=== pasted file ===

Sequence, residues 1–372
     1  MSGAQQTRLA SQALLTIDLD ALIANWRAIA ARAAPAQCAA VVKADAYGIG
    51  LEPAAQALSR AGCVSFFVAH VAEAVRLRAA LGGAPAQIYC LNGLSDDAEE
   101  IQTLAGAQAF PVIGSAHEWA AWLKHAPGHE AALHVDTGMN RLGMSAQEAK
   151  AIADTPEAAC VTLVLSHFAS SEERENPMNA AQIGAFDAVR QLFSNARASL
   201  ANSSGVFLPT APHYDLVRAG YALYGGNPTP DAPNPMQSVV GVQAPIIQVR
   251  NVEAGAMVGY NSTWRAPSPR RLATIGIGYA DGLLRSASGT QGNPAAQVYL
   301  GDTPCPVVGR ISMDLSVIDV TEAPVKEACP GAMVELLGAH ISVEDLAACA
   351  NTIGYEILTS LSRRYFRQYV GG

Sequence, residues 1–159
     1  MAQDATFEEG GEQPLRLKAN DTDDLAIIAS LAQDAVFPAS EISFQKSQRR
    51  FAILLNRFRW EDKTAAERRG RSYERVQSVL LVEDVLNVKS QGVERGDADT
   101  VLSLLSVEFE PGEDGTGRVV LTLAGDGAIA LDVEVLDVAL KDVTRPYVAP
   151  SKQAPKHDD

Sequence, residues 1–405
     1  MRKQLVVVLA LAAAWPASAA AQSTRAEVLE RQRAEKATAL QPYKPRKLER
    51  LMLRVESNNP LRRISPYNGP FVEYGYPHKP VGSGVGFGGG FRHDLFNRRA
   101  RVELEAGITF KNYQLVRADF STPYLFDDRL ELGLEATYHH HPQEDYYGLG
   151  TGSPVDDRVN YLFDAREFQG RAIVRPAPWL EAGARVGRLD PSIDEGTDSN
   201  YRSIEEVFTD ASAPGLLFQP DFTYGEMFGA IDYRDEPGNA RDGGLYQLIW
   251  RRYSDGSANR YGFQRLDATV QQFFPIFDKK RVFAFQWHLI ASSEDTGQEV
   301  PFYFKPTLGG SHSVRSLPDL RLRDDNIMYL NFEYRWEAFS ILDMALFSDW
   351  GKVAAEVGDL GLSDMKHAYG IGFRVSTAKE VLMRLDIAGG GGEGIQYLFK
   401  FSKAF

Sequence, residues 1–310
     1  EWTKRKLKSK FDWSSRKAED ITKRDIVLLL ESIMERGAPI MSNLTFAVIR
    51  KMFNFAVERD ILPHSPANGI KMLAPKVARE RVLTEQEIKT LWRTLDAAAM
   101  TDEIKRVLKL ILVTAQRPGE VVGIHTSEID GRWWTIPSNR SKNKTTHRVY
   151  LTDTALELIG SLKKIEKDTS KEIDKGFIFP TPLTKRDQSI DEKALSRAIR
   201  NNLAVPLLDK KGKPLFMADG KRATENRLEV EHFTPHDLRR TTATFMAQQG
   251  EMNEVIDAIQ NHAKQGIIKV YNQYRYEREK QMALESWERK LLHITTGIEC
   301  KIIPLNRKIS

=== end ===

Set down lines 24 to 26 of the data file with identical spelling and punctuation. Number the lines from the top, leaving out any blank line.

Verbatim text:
   401  FSKAF

Sequence, residues 1–310
     1  EWTKRKLKSK FDWSSRKAED ITKRDIVLLL ESIMERGAPI MSNLTFAVIR